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  • Writer's picturePopEntertainment

Skipping Stones (A Movie Review)

Updated: Mar 3, 2022


Starring Nathaniel Ansbach, Gabrielle Kalomiris, Michael Ironside, Patricia Charbonneau, Chase Masterson, Daniel Hugh Kelly, Justy Kosek, Michael Spellman, Diana Cherkas, Anne Griffin, Alison Stover, Lisa Hampton, Ashlyn Alessi and Varvara Cardenas.

Screenplay by Rich Cirillo.

Directed by S.J. Creazzo.

Distributed by Dreamality Entertainment. 119 minutes. Not Rated.

The title to the film Skipping Stones brings to mind a certain placid charm – sitting by a lake in the spring sunset, lazily tossing rocks into the tranquil water. Of course, we all realize that no matter how peaceful the body of water may look, there is much turmoil going on underneath the surface.

That goes for people’s lives as well.

Skipping Stones is drama about trying to survive tragedy and how the effects of grief and guilt can ripple through lives for years. It is obviously a labor of love – director S.J. Creazzo states in the film’s press kit that the movie was filmed “with a cast and crew of less than 15 people, an all-in-budget of less than $75K, and 16 shooting days.”

So, for such a DIY project, the movie packs a bit of a wallop. It is smart, heartfelt and occasionally a tiny bit melodramatic, but Skipping Stones captures the horrific web of trauma and guilt that can haunt survivors long after.

It tells a simple story, that of a young college-aged student named David (Nathaniel Ansbach) who years earlier as a young teen had witnessed his best friend’s death, returning to his hometown after dropping out of college. He is still trying to cope with the “tragic accident” and being back where it happened is not exactly making the hurt any easier. (We are not told exactly what happened until late in the film.)

Instead, he drinks to heavy excess, broods about the past and even discomfits his old friends and family obsessing about something that they are all trying to leave behind.

Then he runs into his old friend’s little sister Amanda (Gabrielle Kalomiris) at a bar. Even though she was very young when her brother died, she is a bit of a lost soul, living in a home that has been pulled apart by the tragedy. Her mother has become emotionally dead to her, her father is ineffectually trying to keep the peace.

Amanda wants to be a dancer but is afraid she is not good enough. (Although a solo dance she does alone in a studio to a song called “Tom Waits Crooning” seems to bely her lack of faith.) She is afraid she’ll never leave her dead-end hometown and was excited that David had escaped to college in New York, and then was disappointed that he’d come back.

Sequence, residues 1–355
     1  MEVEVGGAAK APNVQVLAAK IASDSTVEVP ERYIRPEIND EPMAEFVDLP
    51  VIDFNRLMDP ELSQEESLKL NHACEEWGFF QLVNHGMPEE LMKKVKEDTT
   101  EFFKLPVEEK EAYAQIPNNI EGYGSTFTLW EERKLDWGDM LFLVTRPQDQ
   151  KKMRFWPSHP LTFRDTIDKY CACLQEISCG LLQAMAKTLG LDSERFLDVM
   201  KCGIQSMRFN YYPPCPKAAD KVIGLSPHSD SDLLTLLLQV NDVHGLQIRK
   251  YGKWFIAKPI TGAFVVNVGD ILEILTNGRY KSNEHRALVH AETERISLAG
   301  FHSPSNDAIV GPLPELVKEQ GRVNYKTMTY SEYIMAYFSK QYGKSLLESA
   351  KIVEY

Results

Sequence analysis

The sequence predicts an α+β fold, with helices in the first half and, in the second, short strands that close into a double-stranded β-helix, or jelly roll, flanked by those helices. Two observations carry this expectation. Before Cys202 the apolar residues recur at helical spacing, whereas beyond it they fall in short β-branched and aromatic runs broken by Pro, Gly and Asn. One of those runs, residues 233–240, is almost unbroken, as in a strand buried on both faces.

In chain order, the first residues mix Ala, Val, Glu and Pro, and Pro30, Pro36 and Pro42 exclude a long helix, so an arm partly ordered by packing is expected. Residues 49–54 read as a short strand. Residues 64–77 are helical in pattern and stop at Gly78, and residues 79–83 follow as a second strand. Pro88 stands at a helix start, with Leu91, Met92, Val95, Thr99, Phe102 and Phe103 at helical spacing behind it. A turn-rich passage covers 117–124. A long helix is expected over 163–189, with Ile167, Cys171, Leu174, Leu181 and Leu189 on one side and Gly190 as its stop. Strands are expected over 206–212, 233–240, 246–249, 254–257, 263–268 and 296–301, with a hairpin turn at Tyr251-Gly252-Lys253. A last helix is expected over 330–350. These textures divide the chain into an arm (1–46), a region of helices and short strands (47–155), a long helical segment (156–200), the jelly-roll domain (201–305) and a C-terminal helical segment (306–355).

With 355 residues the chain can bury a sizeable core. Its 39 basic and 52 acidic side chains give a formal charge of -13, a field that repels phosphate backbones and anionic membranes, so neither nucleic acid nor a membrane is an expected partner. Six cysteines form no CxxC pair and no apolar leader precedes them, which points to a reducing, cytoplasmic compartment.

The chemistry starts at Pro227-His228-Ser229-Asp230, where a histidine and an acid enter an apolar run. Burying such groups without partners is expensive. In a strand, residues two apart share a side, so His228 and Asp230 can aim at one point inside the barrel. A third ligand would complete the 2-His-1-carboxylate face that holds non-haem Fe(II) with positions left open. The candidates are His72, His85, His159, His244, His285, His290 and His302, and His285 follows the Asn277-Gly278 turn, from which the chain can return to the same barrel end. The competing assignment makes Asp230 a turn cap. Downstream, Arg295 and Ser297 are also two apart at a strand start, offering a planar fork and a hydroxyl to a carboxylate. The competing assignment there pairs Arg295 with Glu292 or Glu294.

They find a connection through their disconnection, a mutual sense of longing and ennui, and quickly are spending a lot of time together trying to figure out their lives. The attraction is not sexual (although there may be some undercurrents of that), it’s spawned from a shared sense of loss and hunger for something better.

Of course, David has a secret which may tear them apart if he ever finds the courage to express it.

There are also some deep secrets regarding their parents (played by Michael Ironside, Patricia Charbonneau, Chase Masterson and Daniel Hugh Kelly, the closest things to “big-name” actors in the film) which neither one had picked up on as kids. But does picking at the scabs help anyone?

Relative unknowns Nathaniel Ansbach and Gabrielle Kalomiris impress in the lead roles (particularly Kalomiris, who shines in her first movie part), with smart, realistic performances. Supporting roles are also good, particularly Ironside going against type as David’s understanding father who is willing to overlook issues to keep the peace, and Kelly as the victim’s dad who is harboring a load of guilt himself.

And if the climax is a little bit too coincidental and a little bit too dark, well that’s how life goes sometimes.

Jay S. Jacobs

Copyright ©2022 All rights reserved. Posted: March 2, 2022.

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